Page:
BREAKING the rules on borrowing from the future is necessary to
stave off the "existential crisis" of ever-declining congregations,
members of the General Synod were told this week.
The First Church Estates Commissioner, Andreas Whittam Smith,
said on Tuesday that for 20 years the Church Commissioners had
"religiously" maintained the value of their endowment, so that the
same lump sum would always be available for future generations.
But the "doomsday machine", by which C of E membership falls
year on year as the deaths of older churchgoers is not matched by
the arrival of younger people, meant that the Commissioners' rule
on intergenerational equity needed to be broken.
"We know what the crisis that confronts us is," Mr Whittam Smith
said. "It is an existential crisis. If it is a crisis, I'm afraid
[the inter-generational rule] is a rule we have to consider
breaking. We can only finance the spending of the task group's
recommendations by borrowing from the future."
Earlier, John Spence from the Archbishops' Council had laid out
the various working groups that had produced a range of reports on
developing leaders, discipleship, ministerial education, funding
future plans, and simplification.
As a screen above his head showed graphs of church membership
plummeting over time, Mr Spence said that, if the current decline
was not arrested, by 2057 the C of E would consist of only
200,000-300,000 people. Even were the present one-per-cent fall per
year turned into a one-per-cent rise, membership would not stop
declining until 2041.
"In less than ten years, we could see a threat to the presence
of the Church in communities across rural England, and the Church
of England eliminated from its key essential role in promoting the
risen Christ," he said.
The task groups, after consulting each diocese last year, had
recommended large investment to maintain the number of clergy. This
has been calculated to require a doubling of the number of
ordinands, and an increase in the number of lay leaders as
"Out of all of this comes an application to the Church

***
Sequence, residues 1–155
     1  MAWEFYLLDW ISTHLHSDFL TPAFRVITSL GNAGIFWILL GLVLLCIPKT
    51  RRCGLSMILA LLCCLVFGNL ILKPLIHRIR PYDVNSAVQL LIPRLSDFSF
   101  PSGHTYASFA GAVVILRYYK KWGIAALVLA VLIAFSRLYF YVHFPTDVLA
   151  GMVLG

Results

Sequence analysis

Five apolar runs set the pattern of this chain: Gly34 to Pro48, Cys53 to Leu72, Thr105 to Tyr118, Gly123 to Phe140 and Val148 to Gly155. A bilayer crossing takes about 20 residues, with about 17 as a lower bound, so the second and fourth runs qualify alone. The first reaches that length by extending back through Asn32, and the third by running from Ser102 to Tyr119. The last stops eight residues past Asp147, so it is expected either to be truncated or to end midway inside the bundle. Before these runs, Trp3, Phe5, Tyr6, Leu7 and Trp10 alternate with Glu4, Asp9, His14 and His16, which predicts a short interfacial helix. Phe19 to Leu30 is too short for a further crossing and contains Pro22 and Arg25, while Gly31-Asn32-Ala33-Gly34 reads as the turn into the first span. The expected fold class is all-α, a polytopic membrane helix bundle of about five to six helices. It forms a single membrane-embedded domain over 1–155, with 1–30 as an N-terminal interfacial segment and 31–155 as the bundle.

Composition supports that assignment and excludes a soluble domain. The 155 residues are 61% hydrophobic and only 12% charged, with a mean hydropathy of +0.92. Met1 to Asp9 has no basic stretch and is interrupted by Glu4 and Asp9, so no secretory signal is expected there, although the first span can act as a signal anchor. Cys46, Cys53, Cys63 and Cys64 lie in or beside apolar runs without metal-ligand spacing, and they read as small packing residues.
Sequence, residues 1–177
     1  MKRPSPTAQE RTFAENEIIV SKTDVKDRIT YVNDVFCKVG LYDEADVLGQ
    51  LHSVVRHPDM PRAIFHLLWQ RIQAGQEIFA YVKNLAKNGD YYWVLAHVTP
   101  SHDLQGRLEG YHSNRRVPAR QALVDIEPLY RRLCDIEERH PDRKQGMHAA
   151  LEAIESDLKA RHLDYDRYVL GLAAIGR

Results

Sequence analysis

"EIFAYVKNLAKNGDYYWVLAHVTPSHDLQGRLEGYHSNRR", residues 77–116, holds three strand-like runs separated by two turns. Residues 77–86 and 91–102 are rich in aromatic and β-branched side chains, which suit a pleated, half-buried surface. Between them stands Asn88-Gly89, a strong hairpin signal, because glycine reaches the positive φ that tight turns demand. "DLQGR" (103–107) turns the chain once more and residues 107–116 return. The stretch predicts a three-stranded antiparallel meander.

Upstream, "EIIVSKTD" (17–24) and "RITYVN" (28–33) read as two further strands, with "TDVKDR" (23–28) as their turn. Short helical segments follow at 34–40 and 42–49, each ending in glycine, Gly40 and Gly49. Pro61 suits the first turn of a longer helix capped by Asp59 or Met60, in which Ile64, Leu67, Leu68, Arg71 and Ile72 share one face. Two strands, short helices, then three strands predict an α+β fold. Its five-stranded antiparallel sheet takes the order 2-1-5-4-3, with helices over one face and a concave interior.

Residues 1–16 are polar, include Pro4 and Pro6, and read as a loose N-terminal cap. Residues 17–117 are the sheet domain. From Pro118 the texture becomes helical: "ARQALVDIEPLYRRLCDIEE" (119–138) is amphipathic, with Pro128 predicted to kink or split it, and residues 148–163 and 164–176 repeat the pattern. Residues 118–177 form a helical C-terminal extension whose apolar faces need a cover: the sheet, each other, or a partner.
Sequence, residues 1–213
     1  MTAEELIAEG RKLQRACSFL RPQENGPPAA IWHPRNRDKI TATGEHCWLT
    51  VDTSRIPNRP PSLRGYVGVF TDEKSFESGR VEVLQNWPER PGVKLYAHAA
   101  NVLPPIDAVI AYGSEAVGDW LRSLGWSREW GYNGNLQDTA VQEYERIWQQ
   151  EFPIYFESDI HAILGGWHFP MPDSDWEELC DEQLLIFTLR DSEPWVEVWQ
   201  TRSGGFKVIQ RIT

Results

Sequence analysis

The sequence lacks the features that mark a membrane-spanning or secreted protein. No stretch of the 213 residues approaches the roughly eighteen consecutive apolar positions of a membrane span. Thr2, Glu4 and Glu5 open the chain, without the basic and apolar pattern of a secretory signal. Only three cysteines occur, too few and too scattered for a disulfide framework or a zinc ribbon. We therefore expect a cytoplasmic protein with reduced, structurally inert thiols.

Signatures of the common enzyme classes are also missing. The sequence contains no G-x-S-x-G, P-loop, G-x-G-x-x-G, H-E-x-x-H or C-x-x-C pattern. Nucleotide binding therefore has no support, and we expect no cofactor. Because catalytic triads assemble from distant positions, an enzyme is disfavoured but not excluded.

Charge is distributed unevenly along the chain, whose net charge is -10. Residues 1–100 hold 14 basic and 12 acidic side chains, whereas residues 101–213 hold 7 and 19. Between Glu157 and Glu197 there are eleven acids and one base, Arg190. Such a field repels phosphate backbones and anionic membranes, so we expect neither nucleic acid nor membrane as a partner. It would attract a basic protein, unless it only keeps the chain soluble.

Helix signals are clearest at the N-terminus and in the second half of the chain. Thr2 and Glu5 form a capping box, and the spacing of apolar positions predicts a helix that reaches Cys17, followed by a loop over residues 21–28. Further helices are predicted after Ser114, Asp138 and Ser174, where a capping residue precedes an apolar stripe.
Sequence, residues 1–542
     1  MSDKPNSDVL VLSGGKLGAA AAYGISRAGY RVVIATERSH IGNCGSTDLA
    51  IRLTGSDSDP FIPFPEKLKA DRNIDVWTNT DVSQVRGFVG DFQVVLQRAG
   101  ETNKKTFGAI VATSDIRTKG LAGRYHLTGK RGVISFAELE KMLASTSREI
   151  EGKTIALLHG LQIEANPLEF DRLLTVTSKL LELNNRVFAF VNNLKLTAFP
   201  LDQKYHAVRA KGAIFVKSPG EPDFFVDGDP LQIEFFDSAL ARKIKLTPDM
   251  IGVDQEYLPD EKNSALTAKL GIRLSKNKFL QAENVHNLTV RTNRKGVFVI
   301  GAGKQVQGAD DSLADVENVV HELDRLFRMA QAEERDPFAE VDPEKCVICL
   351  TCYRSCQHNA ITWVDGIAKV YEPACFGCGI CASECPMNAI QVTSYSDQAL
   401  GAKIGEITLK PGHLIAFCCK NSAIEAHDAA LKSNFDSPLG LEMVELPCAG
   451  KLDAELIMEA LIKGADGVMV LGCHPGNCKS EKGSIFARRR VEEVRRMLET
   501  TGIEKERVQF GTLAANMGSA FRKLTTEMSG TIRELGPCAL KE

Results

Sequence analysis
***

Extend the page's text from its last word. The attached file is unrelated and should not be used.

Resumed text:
Commissioners for the potential for a significant but one-off piece
of funding," he said. "It will become clear that, if we are to have
an impact, we will not be able to do it from within the pockets
that are currently available to us."
Mr Spence and Mr Whittam Smith both insisted that no emergency
funding would be released by the Commissioners unless the General
Synod approved the idea.
Currently, the Church Commissioners give the C of E about £200
million a year, of which half is spent on pensions; the rest is
either given to parishes, or pays for bishops and cathedral
No figure was given to the Synod on how much would be asked for
from the Commissioners. The Revd Amanda Fairclough, a member of the
House of Clergy and a Church Commissioner herself, asked when they
would see detailed and costed proposals.
Mr Spence said that the details of the request to the
Commissioners had not yet been fully worked out. He warned,
however, that the C of E at present "costs £1.4 billion a year to
run" (about one quarter of the turnover of Waitrose), "so if you're
going to try and find a way to fund something really meaningful,
you are talking about significant sums of money".
The Revd Charles Razzall, from the Chester diocese, asked how
strong a bias to the poor the funds coming from Church House would
have. Mr Spence replied that around half of the money given to
dioceses would be linked to deprivation - how poor the area served
by the diocese is.
This would recognise that mission here was "harder and that the
amount of lay support typically is less because there are less
structured communities". The other 50% would be for church growth
and subject to some form of bidding process.
Question of the week: Should the Commissioners release funds
set aside for the future to help boost mission in the